Homs Governor Talal Barazi said "the city of Homs is completely clear of weapons and militants after completing the reconciliation deal in al-Waer district," Syrian state TV reported.
Government forces backed by the Russian military have already moved into many areas of al-Waer, state media say.
Some 700 fighters and their families, a total of nearly 3,000 people according to Barazi, left aboard buses on Saturday and Sunday in the final phase of the evacuation of insurgents from al-Waer. Government troops had long besieged the last opposition-held area in a city that was one of the early centers of the anti-Assad uprising.
Thousands of opposition fighters and their families have left a number of areas in western Syria in recent months in what the government calls reconciliation deals. Assad's government now controls the country's main urban centers.
The opposition and the United Nations have criticized the deals as forced displacement of Assad's enemies, often after months or years of siege and bombardment.
One of the rebels leaving al-Waer on Sunday said many of the fighters had come to the district from other areas of Homs, including the Old City, after those areas were retaken by government forces earlier in the conflict.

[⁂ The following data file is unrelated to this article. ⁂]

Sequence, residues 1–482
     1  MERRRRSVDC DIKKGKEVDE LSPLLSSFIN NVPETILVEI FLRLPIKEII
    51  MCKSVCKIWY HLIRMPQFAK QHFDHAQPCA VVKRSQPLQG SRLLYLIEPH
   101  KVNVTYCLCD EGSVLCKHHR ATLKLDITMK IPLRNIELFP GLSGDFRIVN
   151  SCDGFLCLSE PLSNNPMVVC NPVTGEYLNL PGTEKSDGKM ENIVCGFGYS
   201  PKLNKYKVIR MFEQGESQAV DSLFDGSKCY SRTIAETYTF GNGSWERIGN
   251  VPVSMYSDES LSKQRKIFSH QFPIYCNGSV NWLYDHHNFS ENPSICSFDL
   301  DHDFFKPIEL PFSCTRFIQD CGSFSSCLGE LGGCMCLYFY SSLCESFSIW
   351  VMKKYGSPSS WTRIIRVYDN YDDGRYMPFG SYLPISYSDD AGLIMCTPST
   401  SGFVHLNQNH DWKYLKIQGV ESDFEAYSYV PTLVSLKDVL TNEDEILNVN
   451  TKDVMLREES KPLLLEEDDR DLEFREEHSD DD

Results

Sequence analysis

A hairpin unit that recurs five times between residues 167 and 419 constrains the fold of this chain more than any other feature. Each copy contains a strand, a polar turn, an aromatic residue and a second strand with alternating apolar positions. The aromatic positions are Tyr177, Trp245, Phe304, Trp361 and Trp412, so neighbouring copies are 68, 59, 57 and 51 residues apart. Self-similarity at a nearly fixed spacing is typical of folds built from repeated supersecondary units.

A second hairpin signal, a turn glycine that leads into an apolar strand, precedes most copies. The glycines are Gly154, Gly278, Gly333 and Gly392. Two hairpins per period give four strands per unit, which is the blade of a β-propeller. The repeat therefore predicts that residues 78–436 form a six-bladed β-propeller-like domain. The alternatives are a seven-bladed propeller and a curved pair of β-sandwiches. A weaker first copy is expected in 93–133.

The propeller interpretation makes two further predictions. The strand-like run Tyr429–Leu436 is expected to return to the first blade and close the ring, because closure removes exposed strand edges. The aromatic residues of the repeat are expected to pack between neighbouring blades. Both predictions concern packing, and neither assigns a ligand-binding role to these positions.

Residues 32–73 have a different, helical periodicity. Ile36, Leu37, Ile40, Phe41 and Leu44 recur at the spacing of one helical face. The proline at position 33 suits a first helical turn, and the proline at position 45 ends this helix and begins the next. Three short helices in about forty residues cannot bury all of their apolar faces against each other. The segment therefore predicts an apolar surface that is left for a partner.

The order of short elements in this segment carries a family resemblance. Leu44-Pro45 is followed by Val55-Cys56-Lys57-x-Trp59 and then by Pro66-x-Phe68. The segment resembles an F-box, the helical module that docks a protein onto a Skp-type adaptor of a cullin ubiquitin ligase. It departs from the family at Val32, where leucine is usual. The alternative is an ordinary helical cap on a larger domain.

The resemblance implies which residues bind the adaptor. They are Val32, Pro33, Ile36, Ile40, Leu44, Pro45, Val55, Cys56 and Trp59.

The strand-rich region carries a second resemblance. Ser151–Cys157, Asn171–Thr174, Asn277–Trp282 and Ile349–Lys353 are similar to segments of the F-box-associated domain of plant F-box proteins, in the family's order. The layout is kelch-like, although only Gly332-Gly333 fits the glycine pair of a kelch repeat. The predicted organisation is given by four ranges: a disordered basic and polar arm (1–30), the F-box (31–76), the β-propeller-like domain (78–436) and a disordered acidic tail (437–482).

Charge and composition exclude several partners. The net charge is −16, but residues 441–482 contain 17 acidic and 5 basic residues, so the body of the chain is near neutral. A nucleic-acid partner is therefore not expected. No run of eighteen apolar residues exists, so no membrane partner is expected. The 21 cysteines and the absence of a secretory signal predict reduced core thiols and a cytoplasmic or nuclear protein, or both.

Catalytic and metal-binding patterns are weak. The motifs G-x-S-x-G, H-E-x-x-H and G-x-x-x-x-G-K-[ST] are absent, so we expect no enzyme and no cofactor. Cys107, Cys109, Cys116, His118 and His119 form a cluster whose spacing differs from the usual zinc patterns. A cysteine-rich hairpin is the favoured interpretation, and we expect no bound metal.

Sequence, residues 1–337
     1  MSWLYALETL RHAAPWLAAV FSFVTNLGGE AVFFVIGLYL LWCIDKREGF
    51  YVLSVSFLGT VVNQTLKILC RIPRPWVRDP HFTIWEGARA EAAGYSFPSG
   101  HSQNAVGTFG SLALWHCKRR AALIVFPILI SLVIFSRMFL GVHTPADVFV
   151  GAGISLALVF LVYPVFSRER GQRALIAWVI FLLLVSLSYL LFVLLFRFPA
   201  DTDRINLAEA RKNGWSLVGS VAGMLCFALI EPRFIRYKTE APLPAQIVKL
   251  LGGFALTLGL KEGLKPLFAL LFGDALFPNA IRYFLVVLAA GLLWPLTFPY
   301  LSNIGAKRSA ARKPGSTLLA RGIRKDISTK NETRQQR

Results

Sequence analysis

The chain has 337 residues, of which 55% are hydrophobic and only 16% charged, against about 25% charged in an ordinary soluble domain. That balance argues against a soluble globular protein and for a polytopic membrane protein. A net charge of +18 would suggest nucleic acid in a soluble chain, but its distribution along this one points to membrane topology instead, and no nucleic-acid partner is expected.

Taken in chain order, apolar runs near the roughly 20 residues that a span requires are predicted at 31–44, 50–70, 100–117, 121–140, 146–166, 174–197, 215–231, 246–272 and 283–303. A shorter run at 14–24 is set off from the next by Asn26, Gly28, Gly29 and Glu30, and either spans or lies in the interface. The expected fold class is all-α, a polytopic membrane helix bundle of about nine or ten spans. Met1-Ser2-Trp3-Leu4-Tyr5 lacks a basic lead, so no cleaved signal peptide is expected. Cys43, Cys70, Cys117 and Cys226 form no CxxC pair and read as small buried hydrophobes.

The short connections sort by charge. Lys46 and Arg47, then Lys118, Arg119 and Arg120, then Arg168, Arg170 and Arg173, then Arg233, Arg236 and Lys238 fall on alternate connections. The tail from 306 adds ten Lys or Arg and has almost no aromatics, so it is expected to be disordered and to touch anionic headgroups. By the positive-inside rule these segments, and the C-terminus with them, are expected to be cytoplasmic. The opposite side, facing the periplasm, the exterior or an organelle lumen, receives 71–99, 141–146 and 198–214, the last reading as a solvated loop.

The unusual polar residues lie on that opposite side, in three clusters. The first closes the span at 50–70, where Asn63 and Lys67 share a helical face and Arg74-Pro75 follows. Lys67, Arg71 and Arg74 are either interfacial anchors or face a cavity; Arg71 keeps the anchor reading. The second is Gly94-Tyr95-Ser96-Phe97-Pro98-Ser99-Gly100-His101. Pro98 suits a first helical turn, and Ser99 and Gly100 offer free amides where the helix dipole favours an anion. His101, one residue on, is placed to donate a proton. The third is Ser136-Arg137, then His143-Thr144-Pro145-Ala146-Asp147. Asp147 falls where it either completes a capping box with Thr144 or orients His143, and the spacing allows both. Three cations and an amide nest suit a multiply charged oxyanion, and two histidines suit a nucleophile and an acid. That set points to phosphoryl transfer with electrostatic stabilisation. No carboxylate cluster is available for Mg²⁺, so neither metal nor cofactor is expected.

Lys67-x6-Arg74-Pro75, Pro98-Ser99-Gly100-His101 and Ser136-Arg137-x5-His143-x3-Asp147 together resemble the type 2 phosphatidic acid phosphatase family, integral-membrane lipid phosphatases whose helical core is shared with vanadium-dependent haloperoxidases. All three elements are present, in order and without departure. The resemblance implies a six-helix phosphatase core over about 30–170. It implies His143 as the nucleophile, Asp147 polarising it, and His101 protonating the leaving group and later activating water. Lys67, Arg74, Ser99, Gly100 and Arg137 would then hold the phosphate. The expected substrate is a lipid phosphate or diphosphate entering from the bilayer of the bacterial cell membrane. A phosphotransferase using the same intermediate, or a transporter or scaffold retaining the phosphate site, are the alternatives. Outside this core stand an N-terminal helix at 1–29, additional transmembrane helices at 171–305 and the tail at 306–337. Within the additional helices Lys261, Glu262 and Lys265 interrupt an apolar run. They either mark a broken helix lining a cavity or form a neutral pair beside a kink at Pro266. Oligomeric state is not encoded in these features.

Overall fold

"I don't want to stay here. I'll go to Idlib, and want to go on to Turkey and then Europe after that," he said to a Reuters journalist on the scene before the buses left, without giving his name.
Evacuees have mostly headed for insurgent-held Idlib province, or for Jarablus, a town along Syria's northern border near Turkey.
Most leave, some stayAl-Waer has been under full siege for more than a year, according to the Britain-based Syrian Observatory for Human Rights monitoring group.
Government forces backed by Russian military police had begun to take control of key parts of the district, a Russian officer told Syrian state TV.
Moscow, a key Damascus ally, has helped Assad gain the upper hand against insurgents in the west of the country, along with the support of Iranian fighters and members of Lebanon's Hezbollah Shi'ite militia. Western nations, Gulf Arab states and Turkey support the opposition.
Barazi said that more than 14,000 people had left al-Waer in several phases since the agreement began to be implemented in March. Among them were some 3,700 rebels, allowed to leave with their light weapons.
State television early on Sunday showed rebels milling around, depositing bags and suitcases in front of buses, and holding Kalashnikov assault rifles as armed men from the government side watched the proceedings.
Some 1,150 rebel fighters have decided to stay in the district and hand over their weapons under a government amnesty, Barazi said.